Towards the end, he gets very wobbly and even removes his mask for the sake of vision.

Nearly 20 minutes in, we randomly see a shot of Bret holding Austin across his shoulders and he drops him out with a fireman’s carry. Since we don’t see any lead-up to this, it comes out of nowhere, but Austin is gone. Bret and Undertaker trade headbutts until Vader clips Undertaker’s knee and rolls him to the outside. As Undertaker gets to his feet, Paul Bearer – Vader’s manager at this point – smashes his skull with the urn. Bret wins out against Vader and puts him in the Sharpshooter, but Undertaker gets back in there and breaks the hold just because.

Soon Austin comes back and continues fighting with Bret, leaving us with more Undertaker vs. Vader. Vader takes down Undertaker and sets up for the Vader Bomb in the corner. Undertaker sits up and exploits the open advantage.

Out goes Vader, who later wanders around ringside screaming while covered in a disgusting amount of blood. We’re left with Undertaker vs. Bret, but Undertaker notices Austin is still stomping down on Bret. Undertaker clotheslines him out of the ring and begins to finish Austin’s job by chokeslamming Bret. He holds him up for a Tombstone, but Austin still wants a piece of Bret, so he pulls him off Undertaker’s shoulders. Undertaker keeps getting distracted by having to punch down Austin and after the third time, Bret is able to catch him with a clothesline, sending Undertaker over the top.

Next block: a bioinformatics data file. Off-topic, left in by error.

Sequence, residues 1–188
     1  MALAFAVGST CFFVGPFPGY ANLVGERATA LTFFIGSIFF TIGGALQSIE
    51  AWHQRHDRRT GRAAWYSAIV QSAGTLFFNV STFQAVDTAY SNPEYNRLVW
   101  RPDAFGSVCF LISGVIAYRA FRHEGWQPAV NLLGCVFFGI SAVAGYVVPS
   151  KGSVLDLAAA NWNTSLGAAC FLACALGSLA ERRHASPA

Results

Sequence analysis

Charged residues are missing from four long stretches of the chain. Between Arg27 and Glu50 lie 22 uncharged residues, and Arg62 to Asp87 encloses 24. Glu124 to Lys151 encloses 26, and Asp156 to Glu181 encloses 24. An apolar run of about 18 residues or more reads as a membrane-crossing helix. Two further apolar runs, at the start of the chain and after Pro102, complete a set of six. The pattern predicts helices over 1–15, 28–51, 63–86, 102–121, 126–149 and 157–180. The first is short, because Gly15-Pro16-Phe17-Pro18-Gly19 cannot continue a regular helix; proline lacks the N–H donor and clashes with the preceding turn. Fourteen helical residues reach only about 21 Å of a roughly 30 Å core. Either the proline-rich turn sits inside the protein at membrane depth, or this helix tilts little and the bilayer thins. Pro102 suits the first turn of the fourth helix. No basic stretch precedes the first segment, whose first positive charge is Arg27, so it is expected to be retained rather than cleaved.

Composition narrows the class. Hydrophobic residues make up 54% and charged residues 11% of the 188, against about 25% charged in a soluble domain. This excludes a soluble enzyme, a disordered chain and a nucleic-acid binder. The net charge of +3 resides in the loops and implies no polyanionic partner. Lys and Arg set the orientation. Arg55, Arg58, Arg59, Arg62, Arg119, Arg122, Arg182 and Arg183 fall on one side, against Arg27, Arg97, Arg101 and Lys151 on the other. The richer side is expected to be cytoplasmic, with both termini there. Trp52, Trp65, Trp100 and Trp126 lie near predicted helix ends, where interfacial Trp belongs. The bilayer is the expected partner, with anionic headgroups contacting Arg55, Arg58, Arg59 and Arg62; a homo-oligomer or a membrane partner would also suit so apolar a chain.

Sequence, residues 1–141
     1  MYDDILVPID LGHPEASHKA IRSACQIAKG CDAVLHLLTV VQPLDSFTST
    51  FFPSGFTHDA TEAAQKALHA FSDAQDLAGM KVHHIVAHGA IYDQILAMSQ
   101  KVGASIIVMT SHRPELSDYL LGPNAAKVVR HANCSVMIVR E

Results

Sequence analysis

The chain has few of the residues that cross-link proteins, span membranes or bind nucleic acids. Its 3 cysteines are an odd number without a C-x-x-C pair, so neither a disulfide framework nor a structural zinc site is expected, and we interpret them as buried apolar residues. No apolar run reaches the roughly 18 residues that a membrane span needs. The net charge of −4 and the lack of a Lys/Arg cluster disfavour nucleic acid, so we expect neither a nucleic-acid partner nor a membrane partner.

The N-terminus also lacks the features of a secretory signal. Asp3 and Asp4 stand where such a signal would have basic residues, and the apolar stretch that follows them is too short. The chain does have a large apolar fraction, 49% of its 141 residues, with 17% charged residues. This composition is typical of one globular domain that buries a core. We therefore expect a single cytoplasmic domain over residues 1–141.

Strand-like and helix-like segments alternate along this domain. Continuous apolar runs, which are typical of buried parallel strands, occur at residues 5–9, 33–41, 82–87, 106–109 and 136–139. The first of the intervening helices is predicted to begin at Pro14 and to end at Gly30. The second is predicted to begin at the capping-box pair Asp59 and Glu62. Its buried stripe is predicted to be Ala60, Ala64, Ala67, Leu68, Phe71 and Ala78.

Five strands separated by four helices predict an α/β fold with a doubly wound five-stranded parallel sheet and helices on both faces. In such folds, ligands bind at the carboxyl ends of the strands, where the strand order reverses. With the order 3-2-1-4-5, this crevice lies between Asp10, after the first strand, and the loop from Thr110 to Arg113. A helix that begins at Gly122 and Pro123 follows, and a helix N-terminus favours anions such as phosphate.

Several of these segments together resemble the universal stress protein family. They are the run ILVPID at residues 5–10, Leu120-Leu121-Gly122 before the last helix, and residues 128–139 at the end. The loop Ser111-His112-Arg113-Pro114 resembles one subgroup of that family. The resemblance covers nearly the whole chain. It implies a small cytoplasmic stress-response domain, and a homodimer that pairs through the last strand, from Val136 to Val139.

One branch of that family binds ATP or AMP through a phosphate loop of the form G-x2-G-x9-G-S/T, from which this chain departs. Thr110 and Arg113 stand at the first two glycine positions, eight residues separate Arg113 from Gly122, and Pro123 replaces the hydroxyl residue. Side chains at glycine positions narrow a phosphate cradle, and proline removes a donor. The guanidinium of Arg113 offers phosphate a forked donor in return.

Bret Hart is champion for the fourth time while Undertaker wonders what the fuck just happened. Of course, this was originally supposed to be Bret winning a title shot for Wrestlemania so he could get his win back against Michaels, but that guy has a bad knee (which appears to be just fine shortly after) and he lost his smile and… well, what I’m saying is that 90′s Michaels is a jerk.

If anything, this match is an entertaining prelude to the infamous Montreal Incident.

Speaking of taking trips to WCW, tomorrow I’ll cover that company’s three-ring circus.

Oh! Oh, wait! Before you go, I almost forgot. One of the things talked about was that the winner would have to face Sycho Sid on the following Raw. To illustrate that, they’d occasionally show Sid backstage watching the match. Here’s a gif of Sid being King Galoot.

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20 Days of Battle Royals: Day 4

January 10th, 2013 Posted by Gavok

Date: December 28, 1992
Company: WCW
Show: Starrcade ’92
Rules: Normal
Stipulation: None